Guys – Do we want to marry complete hookers? No. Would we prefer to marry virgins? Who wouldn’t? How many dents in the cherry is too many? 2? 5? 10? 100?
Would the world be a worse place by any measure if true life-long monogamy were the rule rather than the exception?



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Chrissy

posted February 23, 2010 at 2:07 am


Jeremiah, it’s somewhat futile to debate the other extreme. By answering the question of what constitutes a woman as “complete hooker,” we’d simply be making a new black or white rule to follow. If “true life-long monogamy” were “the rule rather than the exception,” it would be much easier to define your “hooker.” The fact is that it’s not the rule, and quick engagements are not a realistic way to instill purity into society. Using guilt to solidify monogamy as the rule, into impressionable young people only offers one message: Unmarried sex is BAD. Married sex is GOOD. Other than that, there is little to no open dialogue regarding sex, unless one is confessing their “struggle” with sexual sin.
Christians and the “modern irreligious” may not have the perfect answer, and I believe that implies that there is not one. There is not a simple answer to a difficult question. The simple answer, “don’t have sex and get married fast,” has proven to be the wrong answer for many people who were earnestly trying to do the right thing. Perhaps it means God does not want us to obey a simple answer, but wants us to wrestle with him and our humanity and find peace in the midst of our struggles. We have been thoroughly schooled with SOMEONE’S answer (ie: Elizabeth Elliot), but this robs us of our wrestling match by dictating in advance what we should do in a hypothetical situation and relationship. Applying the same formula to every relationship suggests that every relationship is the same. If life were as simple as a formula, the human experience would not be so valuable, and so difficult, and we would have no reason to wrestle with God. In following formulas, christians all start to look and sound the same. Hence: this blog.
So… Q: “Would the world be a worse place by any measure if true life-long monogamy were the rule rather than the exception?”
A: The world would be neither better nor worse, so long as living is based on a rule.



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Brandon

posted February 23, 2010 at 4:32 am


The act of sex in Gods eyes is what makes a couple married. The ceremony is a way for the couple to celebrate in most times an overly showy manner the consumation of the marriage that may have taken place, or will take place. Either way sex and marriage is meant for one man and one woman, and the ceremony only makes public the covenant made in the marriage bed.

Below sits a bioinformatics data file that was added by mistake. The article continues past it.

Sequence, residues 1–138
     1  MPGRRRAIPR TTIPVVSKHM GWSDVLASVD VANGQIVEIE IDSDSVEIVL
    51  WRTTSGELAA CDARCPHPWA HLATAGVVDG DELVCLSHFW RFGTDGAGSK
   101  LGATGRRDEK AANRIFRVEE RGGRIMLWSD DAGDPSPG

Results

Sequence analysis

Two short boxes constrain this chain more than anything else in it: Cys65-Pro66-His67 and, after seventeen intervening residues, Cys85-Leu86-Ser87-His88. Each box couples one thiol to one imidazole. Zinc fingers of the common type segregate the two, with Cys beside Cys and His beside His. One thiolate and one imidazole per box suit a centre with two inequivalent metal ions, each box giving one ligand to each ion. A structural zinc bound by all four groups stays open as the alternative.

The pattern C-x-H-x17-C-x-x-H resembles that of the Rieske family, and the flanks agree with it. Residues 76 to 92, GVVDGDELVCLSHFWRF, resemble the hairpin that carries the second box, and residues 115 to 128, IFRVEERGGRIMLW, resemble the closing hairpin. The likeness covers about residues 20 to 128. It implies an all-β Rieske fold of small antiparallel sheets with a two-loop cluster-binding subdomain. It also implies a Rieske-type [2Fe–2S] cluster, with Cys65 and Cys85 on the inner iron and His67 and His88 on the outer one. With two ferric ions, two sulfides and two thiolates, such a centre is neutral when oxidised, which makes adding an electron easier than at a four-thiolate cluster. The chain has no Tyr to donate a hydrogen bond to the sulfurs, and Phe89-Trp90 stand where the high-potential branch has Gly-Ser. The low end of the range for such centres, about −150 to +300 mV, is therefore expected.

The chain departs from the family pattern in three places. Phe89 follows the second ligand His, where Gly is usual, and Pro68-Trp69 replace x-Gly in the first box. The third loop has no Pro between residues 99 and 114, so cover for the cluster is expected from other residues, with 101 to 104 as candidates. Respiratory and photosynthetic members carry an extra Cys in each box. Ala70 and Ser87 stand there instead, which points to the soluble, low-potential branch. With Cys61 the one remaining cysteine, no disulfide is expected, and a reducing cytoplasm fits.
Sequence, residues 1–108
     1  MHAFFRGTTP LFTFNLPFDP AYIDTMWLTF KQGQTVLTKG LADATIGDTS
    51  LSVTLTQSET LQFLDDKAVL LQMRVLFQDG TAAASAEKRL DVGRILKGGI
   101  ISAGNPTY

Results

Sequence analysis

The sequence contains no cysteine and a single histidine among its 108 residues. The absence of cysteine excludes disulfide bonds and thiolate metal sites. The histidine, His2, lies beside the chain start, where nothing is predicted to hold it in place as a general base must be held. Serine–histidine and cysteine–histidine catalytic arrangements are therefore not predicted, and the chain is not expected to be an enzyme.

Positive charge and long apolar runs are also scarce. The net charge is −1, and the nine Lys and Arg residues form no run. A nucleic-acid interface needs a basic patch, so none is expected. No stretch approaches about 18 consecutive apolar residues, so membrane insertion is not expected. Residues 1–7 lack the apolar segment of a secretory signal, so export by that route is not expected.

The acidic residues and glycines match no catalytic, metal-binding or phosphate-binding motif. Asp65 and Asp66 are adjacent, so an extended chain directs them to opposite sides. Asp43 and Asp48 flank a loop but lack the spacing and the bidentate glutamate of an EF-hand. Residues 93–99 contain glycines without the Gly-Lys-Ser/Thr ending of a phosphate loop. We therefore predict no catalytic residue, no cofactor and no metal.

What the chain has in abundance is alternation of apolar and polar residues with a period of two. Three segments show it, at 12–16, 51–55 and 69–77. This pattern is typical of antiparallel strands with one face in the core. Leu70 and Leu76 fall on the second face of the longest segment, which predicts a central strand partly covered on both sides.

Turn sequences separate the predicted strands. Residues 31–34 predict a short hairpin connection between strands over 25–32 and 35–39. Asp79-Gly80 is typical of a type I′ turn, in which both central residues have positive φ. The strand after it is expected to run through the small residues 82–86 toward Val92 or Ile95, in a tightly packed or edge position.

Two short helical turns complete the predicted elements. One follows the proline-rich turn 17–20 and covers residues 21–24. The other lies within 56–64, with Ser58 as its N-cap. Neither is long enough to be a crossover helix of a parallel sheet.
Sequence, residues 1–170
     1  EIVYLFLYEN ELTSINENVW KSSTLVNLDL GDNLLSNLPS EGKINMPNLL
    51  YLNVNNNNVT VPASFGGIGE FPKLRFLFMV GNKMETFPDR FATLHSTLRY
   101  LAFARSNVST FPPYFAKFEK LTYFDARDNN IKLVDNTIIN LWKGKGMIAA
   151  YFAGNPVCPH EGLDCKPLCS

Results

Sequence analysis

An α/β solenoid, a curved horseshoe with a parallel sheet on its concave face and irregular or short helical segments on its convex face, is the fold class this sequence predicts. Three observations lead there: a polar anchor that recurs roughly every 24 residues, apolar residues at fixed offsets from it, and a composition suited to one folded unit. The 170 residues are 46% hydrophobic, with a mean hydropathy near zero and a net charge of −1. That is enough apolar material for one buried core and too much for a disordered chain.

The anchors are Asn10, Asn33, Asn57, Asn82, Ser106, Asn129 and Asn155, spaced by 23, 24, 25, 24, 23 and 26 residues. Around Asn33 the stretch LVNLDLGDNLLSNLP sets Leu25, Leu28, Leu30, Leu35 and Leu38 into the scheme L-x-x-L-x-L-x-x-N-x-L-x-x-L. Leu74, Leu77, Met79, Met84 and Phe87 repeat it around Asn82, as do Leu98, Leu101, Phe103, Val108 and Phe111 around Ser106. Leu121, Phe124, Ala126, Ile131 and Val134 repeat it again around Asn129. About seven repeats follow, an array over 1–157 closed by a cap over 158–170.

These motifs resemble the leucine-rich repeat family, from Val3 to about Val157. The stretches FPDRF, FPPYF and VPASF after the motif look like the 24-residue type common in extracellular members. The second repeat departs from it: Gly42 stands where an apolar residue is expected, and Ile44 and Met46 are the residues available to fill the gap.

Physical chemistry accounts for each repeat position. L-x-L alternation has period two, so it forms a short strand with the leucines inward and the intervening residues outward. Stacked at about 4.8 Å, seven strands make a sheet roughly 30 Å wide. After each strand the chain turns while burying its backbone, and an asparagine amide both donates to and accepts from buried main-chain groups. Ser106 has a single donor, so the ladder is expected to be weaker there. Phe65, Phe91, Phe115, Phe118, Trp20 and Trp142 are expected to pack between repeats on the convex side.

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stephanie drury

posted February 23, 2010 at 10:12 am


Jeremiah’s getting the point of this blog, which is that the problem is neither mainstream christianity or the modern irreligious have the answer.
And I think Brandon’s right.



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Rob

posted February 23, 2010 at 3:17 pm


Actually what makes a couple married is not the sex act; the sex act consummates the public pledge/covenant of love and faithfulness. The commitment and the sex work together and one does not make another. This is why Christ not only pronounces the Church as his bride, but at his second coming will consummate his relationship to her.
Like I said earlier, Christians tend to disregard God and what he says when it comes to talk about sex, marriage, etc.



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stephanie drury

posted February 23, 2010 at 3:21 pm


Rob, then what do you think of the Old Testament decree that if you sleep with a woman you have married her?



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Em

posted February 23, 2010 at 4:09 pm


Ugh, Jeremiah, really? What classifies a woman as a “hooker”? because last I checked it had something to do with selling her body for sex.
You point out something really telling: in both Christian and nonChristian cultures, sexuality is male-centric and absolutely obsessed with female “purity”. Sure, you don’t want to marry a hooker. I, too, don’t want to marry a dude with more STDs than an entire city. But no one (especially in the church) ever seriously talks about dudes staying as pure as the damn driven snow.
When you say “who doesn’t want to marry a virgin?” my answer is why is it so important? If you really love someone, their sexual history (barring anything really extreme) is probably not going to matter. If it does, I’m sorry for you.



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Rob

posted February 23, 2010 at 5:32 pm


The model for all of these things is God himself, which for example he weds himself to Israel with his pronouncement in Exodus 19 and 20 which is not merely a Covenant, but his pledge of marital faithfulness to be followed out through the keeping of the commandments. This is why he speaks of his bride as going whoring after other lovers in Hosea: she broke faithfulness to her husband. God’s relationship to Israel does not begin with sex, it is consummated with it.
But as for your biblical citation, I really don’t know what that could be except Deuteronomy 22:28-29, “If a man meets a virgin who is not betrothed, and seizes her and lies with her, and they are found, then the man who lay with her shall give to the father of the young woman fifty shekels of silver, and she shall be his wife, because he has violated her. He may not divorce her all his days.”